A Man Called Ove and a Piece of Corrugated Iron
Ove is trying to commit suicide. This time with pills. There is a comment that many normal folk strive for the feeling of losing control and go after it. But it is not within Ove to do that. Does not sound like it is a great temptation for Ove, just something within his internal makeup.
...[there is a] difference between being wicked because one has to be or because one can. Which begs the question, is it ok to be wicked ever? If so, under what circumstances?
A Man Who Was Ove and A Man Who Was Rune
sorrow...should have brought the two men closer. But sorrow is unreliable in that way. Talking about how one lost a child and the other had a son who he could not get along with.
I think one of the most pungent lines in the whole book is when Ove realized that a part of Rune had given up forever. And for that maybe neither Ove nor Rune forgave him. When dreams leave, we are left with decay.
There were certain people who thought that feelings could not be judged by looking at cars. But they were wrong. At least in Rune and Ove's case.
A Man Called Ove Backs Up a Trailer Again
One side story which continues throughout the book is Ove's battle with the state bureaucracy. It first tries to tell him how his wife Sonja should live. Then tries to take Rune away from Anita when Run has dementia. A bureaucracy which is set up to try to take care of people becomes a means to controlling them. In this way. A Man Called Ove is a morality story to warn us to fight for our independence. Not to let some “white suit” dictate the terms of our lives.
A Man Called Ove Isn't Running A Dammed Hotel
Talks more about how bureaucracy not only stops us from what we want to do, but in many cases stops us from doing what is best for us.
A Man Caled Ove and An Inspection Tour That is Not the Usual
Backman notes that there are times when men will just go off an do something:
1) Because they will need to do it sometime and they might as well do it now
2) Because it should have been done a long time ago
A Man Called Ove and Social Incompetence
the first people to break the laws of bureaucracy are always the bureaucrats themselves. Not sure how accurate this is, but it seems like there are certainly a lot of them.
A Man Called Ove and a Whiskey
It is difficult to admit that one is wrong. Particularly when one has been wrong for a very long time. Sort of says it all. The immediate application is to a father of a homosexual-not Ove. But then while Ove is right about the particulars of his life, he has not been right about the outlook. He realizes that by creating a buffer to others, he and they have lost out. When we have nothing to look forward to and can only look back, as Backman says.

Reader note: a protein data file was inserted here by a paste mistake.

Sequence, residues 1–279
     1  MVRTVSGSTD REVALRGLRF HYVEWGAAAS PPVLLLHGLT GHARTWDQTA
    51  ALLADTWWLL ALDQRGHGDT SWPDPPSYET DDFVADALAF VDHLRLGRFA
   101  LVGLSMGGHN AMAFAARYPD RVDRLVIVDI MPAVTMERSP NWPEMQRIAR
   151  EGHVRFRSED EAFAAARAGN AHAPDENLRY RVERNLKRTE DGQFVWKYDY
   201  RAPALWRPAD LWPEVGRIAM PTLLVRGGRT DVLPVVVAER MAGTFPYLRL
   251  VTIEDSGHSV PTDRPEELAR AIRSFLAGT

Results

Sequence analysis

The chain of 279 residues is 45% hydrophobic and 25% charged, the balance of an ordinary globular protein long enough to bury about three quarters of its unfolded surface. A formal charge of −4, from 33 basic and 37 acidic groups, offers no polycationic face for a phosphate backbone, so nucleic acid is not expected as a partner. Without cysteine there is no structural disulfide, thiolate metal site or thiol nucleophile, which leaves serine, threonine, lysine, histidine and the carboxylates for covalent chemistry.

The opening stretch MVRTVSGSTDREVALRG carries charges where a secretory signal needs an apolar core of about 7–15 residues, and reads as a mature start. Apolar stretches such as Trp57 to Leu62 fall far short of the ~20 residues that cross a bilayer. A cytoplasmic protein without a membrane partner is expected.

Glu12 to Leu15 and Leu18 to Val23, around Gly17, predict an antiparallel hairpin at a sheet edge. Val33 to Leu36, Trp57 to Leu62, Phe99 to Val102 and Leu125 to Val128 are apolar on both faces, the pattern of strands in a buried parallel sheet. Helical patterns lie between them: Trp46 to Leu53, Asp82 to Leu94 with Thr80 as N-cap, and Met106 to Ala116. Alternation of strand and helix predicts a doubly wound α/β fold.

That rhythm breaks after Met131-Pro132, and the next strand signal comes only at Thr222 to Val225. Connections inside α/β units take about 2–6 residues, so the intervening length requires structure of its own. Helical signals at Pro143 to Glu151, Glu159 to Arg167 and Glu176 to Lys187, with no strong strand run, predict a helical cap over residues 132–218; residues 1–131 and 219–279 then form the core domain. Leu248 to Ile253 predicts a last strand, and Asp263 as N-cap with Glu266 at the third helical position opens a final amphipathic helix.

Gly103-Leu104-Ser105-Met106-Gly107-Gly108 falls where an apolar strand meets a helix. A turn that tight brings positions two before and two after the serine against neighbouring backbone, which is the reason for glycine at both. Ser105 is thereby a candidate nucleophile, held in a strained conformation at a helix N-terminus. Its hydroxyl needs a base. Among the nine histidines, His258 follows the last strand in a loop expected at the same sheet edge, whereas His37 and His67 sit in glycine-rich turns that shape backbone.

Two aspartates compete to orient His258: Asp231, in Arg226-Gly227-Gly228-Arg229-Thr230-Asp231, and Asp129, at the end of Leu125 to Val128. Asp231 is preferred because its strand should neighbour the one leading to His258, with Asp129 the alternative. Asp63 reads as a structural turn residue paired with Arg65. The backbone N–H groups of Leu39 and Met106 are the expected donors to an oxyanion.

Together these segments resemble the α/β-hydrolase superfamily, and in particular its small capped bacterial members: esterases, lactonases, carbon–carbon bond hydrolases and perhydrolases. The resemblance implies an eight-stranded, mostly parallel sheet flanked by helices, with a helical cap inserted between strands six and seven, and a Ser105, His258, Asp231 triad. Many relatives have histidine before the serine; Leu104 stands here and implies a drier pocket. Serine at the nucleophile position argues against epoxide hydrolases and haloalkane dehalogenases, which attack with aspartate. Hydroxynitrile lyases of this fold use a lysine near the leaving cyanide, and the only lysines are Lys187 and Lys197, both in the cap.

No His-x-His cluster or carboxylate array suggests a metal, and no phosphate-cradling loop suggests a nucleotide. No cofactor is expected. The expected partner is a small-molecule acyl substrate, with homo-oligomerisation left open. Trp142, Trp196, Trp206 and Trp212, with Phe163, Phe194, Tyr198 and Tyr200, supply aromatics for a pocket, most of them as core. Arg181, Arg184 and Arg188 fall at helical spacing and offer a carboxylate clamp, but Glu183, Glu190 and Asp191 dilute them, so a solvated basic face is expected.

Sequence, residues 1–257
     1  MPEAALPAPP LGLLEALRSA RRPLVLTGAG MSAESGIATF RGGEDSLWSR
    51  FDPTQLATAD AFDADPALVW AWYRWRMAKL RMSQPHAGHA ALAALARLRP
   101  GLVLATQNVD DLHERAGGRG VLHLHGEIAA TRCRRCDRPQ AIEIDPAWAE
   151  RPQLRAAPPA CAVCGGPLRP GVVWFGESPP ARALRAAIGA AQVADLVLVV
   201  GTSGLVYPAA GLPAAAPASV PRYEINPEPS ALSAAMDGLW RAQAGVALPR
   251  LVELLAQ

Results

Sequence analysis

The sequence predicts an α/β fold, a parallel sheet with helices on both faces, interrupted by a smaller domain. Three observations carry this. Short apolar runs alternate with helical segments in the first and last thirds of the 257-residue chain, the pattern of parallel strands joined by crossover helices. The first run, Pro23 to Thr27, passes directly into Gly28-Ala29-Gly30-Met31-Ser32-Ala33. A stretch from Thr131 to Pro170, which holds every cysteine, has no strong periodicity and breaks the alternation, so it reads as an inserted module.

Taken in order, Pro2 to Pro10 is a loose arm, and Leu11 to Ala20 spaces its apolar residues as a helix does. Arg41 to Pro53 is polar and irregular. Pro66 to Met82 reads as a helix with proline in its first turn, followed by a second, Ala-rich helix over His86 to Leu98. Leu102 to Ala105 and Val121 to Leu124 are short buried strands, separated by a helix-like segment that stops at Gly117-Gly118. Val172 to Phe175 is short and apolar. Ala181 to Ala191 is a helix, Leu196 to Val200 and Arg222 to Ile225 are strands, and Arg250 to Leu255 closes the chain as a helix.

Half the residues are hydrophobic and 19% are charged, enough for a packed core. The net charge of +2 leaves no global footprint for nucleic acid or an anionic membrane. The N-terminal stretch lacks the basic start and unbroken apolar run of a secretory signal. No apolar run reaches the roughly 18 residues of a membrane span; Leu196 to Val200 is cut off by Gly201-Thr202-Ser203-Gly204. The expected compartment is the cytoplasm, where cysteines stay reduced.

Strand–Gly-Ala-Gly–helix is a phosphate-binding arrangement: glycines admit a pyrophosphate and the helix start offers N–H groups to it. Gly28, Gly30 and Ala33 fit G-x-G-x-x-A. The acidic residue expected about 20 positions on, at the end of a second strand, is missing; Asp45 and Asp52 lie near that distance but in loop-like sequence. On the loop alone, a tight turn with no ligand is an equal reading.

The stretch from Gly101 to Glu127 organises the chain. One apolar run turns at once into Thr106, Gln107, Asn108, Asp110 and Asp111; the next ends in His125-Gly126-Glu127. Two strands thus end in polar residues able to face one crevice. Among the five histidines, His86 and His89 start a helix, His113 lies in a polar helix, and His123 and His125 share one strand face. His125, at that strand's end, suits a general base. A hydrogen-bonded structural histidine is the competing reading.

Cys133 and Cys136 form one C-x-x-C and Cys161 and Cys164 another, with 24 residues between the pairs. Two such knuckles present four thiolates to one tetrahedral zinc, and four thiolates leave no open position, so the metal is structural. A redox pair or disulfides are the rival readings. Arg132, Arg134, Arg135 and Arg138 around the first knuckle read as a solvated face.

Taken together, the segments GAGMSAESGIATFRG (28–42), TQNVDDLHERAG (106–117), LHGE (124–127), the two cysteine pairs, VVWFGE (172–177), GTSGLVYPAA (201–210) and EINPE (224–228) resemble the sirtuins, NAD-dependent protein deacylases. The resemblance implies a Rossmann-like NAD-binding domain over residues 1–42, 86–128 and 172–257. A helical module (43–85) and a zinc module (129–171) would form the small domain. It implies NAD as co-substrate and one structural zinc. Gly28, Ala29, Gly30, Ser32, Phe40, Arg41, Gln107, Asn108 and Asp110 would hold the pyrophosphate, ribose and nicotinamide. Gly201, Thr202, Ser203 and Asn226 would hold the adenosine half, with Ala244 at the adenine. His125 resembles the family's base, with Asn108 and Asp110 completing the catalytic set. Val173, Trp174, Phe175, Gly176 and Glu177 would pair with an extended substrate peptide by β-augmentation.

A Man Called Ove
For the greatest fear of death is always that it will pass us by. And leave us there alone. Is this true? Why do the rich believe in cryogenics? Do they not want to live forever? I think that is something innate in us and why heaven is persistent to us. We are still remnants from our past forefather in creation which is eternal. What we do not want is getting old and useless, forgetting who we are. This happens when we forsake our ancestry and despair of this world.
A Man Called Ove and the End of a Story
Love is a strange thing. It takes you by surprise. While not speaking of Ove, this may have been the theme of the book. Ove finds that there is love of another kind besides is wife's love. While not a substitute, it is there for the taking. You just need to reach out to it.
The first two-thirds of A Man Called Ove, I was wondering why am I reading this book? Why should I care about Ove? But as I plodded on, I started to root for Ove, wondering how Backman was going to get him involved in other people's lives rather than his reclusive ways. This is the magic of this book: the bringing out the inner Ove. The one who feels he is superior, but has a heart deep within him.
Notes from my book group:
At the OSHER book group there were several comments which instigated some thoughts from me:
- Was Ove's death a suicide?
- I do not think so. Backman notes that it was several years after the main part of the book takes place. Ove seems content to be with his neighbors and has found a means to be himself, but enjoy them still.
- Conversations at home is with neighbors
- The characters are pretty well developed
- Parallel situation between Ove/Sonja and Anita/Rune
- You have two men who are stubborn and very inward.
- Two women who love their men and who are best friends
- Each husband very much think they are right.
- Each couple has a crisis where there is loss of one of them. But it takes Anita to reach out to Ove to start a somewhat reconcilation.
- Ove did not have to stop being who he was before he died.
- I think this is where Backman does well-describes how Ove does not get transformed into something else, but is more open to helping others who are in need.
- What did the cat represent? Maybe Sonja?
- I am not sure that the cat represents anything. But I think the cat is a vehicle for Ove to express his love for Sonja by trying to do what she would do.
- Did Ove friends change him or he changed his neighbors?